Confronted with a series of uncomfortable questions about the infamous Bredesen Bunker, the governor’s ofﬁce is claiming that emails with state addresses transmitted on public computers are not necessarily public record. It’s the type of backward stance you’d expect from a potbellied Mississippi sheriff—not the supposedly enlightened, Harvard-educated Phil Bredesen, who has spent the better part of the spring lecturing Democratic superdelegates about democracy.
In April, the Tennessee Center for Policy Research speciﬁcally requested a screen shot of the email inbox of Jody Folk, who works for ﬁrst lady Andrea Conte and has also toiled on the ongoing renovation of the Executive Residence, an epic project that has sparked outrage among Republicans and the ﬁrst couple’s immediate neighbors. It took over a month for the governor’s people to respond to the center’s simple request (this would take a 12-year-old about two minutes), and when it did, they redacted selected emails without explanation. The think tank then asked why they refused to turn over certain correspondence, and a spokesperson explained that some of them were “personal” in nature. As if that were all that needed to be said.
Considering the wide array of sentiments that a so-called personal email can include—“my feelings are hurt that this project is wasting millions of taxpayer dollars”—the right-leaning outﬁt is rightly suspicious that the governor’s ofﬁce may just be hiding correspondence that it may have trouble defending. In fact, the Bredesen administration has a completely different interpretation of the word “personal” than do you and I, because one of the emails it gladly turned over has the following subject line: “Aww, you gotta see the baby.”
“Their logic mystiﬁes me,” says Drew Johnson, the president of the TCPR. “An email about baby pictures is apparently a public record, but other emails sent and received on work time at the public’s expense isn’t, according to them, a public record. If an email is sent by a public servant on taxpayers’ time, it should be a public record, period.”
Still, even if state law hints that all emails sent and saved on public computers are public record, it’s not entirely clear on the matter. In fact, there are two provisions in particular that seem to contradict each other. Meanwhile, the state attorney general’s ofﬁce, which is defending the governor’s “it’s not business, it’s personal” stance, refers Desperately to an obscure 2005 case involving the Giles Board of Education in which an appellate court simply refused to rule on whether emails stored on government computers are a public record. That’s not much of an argument. (Then again, this is the same esteemed legal institution that until recently insisted on continuing the prosecution of a death row inmate the U.S. Supreme Court ruled was likely innocent.)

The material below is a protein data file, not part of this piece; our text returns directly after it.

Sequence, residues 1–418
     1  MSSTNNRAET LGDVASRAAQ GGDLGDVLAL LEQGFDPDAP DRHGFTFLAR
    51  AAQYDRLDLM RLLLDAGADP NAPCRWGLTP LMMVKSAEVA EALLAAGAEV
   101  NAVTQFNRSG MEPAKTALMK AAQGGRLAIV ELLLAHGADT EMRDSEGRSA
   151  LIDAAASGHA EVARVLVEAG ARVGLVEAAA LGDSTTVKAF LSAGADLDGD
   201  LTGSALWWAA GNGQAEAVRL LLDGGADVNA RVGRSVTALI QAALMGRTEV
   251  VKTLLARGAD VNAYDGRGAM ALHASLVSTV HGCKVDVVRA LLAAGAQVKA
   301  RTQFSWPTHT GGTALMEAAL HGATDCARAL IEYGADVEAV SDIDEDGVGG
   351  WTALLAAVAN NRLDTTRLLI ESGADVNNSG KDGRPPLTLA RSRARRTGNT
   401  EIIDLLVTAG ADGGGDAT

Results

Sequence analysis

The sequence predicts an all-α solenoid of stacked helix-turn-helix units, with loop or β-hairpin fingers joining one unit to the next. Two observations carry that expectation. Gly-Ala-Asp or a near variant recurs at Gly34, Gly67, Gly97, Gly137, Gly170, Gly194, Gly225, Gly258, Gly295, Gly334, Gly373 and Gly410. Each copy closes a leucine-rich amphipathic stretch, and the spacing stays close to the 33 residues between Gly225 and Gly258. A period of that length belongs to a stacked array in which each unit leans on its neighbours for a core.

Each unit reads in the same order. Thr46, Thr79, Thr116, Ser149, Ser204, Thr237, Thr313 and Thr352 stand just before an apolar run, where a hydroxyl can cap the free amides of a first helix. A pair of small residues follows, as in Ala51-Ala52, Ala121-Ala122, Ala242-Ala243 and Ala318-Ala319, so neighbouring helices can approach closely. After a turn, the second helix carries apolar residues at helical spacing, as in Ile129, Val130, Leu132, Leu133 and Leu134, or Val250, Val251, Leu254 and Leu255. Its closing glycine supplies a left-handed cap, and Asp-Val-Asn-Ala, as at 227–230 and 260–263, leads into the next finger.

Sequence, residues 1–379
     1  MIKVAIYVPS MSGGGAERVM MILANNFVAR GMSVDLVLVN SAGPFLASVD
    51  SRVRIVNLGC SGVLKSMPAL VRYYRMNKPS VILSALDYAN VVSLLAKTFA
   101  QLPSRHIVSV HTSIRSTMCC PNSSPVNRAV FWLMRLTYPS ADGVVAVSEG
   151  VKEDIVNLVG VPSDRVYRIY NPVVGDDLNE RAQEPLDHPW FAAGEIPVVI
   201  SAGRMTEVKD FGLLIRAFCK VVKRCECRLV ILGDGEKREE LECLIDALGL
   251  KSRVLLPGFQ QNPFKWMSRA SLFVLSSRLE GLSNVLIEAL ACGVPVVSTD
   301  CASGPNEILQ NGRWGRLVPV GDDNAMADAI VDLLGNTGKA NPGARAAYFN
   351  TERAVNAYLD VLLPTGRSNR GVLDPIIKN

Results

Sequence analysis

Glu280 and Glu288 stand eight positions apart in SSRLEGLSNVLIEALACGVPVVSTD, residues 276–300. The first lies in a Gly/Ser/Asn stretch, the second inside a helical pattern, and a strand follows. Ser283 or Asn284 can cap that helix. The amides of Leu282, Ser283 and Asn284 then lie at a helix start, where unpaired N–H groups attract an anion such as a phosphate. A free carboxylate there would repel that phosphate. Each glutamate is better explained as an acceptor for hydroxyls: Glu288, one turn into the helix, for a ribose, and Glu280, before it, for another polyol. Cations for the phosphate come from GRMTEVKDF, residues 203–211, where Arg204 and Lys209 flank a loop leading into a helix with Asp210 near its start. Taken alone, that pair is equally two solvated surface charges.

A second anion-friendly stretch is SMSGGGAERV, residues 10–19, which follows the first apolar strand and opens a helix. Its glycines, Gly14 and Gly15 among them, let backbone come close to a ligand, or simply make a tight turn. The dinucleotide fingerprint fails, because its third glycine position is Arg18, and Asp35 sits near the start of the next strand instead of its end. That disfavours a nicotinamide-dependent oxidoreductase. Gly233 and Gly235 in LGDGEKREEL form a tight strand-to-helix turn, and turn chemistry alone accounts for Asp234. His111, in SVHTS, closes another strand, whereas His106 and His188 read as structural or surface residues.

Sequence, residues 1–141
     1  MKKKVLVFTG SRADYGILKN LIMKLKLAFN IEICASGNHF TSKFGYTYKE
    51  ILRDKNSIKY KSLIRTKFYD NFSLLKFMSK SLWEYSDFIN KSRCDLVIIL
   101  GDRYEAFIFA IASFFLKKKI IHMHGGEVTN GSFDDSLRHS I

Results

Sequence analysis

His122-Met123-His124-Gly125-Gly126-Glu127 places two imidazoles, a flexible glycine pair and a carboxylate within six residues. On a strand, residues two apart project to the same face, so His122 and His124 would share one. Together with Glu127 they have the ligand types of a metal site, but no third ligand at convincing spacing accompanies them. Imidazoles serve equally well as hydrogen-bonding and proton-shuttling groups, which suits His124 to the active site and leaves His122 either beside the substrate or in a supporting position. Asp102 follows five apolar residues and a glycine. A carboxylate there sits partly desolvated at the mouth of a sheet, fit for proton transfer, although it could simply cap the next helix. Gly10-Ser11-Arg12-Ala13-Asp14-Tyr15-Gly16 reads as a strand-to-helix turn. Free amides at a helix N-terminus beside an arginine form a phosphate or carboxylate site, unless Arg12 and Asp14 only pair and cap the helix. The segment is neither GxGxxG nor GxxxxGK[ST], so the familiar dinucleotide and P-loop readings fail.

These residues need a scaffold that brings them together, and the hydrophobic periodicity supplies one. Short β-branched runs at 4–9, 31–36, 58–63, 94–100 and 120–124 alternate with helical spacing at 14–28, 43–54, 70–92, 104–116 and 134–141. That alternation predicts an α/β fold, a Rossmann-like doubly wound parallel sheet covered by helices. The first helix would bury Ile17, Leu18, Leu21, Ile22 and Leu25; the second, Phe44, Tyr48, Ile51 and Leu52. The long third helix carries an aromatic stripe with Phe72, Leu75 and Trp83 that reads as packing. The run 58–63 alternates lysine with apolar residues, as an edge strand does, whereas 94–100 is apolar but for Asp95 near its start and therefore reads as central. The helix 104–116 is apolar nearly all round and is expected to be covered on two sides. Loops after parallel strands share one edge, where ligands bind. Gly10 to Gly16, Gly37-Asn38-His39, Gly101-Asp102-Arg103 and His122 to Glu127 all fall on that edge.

Making the attorney general’s position more muddled than it already is, its own employees have given lawmakers completely different advice. Frank Gibson, executive director of the Tennessee Coalition for Open Government, says that a lawyer at the attorney general’s ofﬁce once warned lawmakers not to put anything in an email they wouldn’t want to run on a billboard on West End Avenue. Sounds pretty instructive. So which is it, guys? Are all emails public record or just ones the governor’s ofﬁce arbitrarily decides to share with you and me?
It’s all good?Leon Alligood, perhaps the best feature writer at The Tennessean, is leaving the paper at the end of the summer to take a full-time teaching position at Middle Tennessee State University. Largely manning the general assignment beat since joining The Tennessean after he left the shuttered Nashville Banner in 1998, Alligood has written stories from Iraq and Afghanistan, while seemingly penning the front page account of every tornado to roll through the state over the last 10 years. Though his prose can be a little purple at times, Alligood knows how to set a scene even under the rigid parameters of daily journalism, often giving Nashville readers vivid narratives of a colorful, lonely part of Tennessee they never visited. His departure hits the daily where it’s already weak: its stable of reporters who know the people and places they’re writing about.
“Good guy, we will miss him,” says Tennessean editor Mark Silverman. “It’s nothing nefarious,” he adds, in a nod to the departure of political reporter Sheila Wissner, who earlier this year simply walked out of the newsroom in disgust after 20 years at the paper. At the time, Wissner was in the middle of writing a story.
But if Alligood’s exit is a bit more conventional and deliberate, his colleagues still regard it ominously. They respect him greatly and don’t have much faith that their bosses appreciate what he means to the paper.
“Yeah, it’s sad. But we already replaced him,” one Tennessean reporter emailed to a few friends. “Got an intern coming in this afternoon.”
The main damage to his credibility is that the Tennessean printed it.
Cite. Be specific now.
AnglRdr is the wind beneath my wings. "...Did you ever know that you're my hero?"
Yes, there is, Donna, which is why your naked bigotry always comes as such a…
There's a record here, AnglRdr.